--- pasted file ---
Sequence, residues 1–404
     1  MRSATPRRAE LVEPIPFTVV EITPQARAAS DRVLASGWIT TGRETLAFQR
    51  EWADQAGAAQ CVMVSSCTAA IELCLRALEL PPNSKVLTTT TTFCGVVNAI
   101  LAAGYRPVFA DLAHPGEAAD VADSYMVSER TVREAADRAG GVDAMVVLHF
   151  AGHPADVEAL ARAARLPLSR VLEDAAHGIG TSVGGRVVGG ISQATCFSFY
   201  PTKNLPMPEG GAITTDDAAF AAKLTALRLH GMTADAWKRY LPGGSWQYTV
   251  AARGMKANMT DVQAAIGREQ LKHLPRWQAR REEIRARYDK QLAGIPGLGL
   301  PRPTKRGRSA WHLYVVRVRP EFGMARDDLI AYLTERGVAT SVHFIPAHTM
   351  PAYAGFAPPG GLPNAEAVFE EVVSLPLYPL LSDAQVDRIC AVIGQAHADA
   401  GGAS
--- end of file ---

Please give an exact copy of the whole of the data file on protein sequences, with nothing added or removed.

Sequence, residues 1–404
     1  MRSATPRRAE LVEPIPFTVV EITPQARAAS DRVLASGWIT TGRETLAFQR
    51  EWADQAGAAQ CVMVSSCTAA IELCLRALEL PPNSKVLTTT TTFCGVVNAI
   101  LAAGYRPVFA DLAHPGEAAD VADSYMVSER TVREAADRAG GVDAMVVLHF
   151  AGHPADVEAL ARAARLPLSR VLEDAAHGIG TSVGGRVVGG ISQATCFSFY
   201  PTKNLPMPEG GAITTDDAAF AAKLTALRLH GMTADAWKRY LPGGSWQYTV
   251  AARGMKANMT DVQAAIGREQ LKHLPRWQAR REEIRARYDK QLAGIPGLGL
   301  PRPTKRGRSA WHLYVVRVRP EFGMARDDLI AYLTERGVAT SVHFIPAHTM
   351  PAYAGFAPPG GLPNAEAVFE EVVSLPLYPL LSDAQVDRIC AVIGQAHADA
   401  GGAS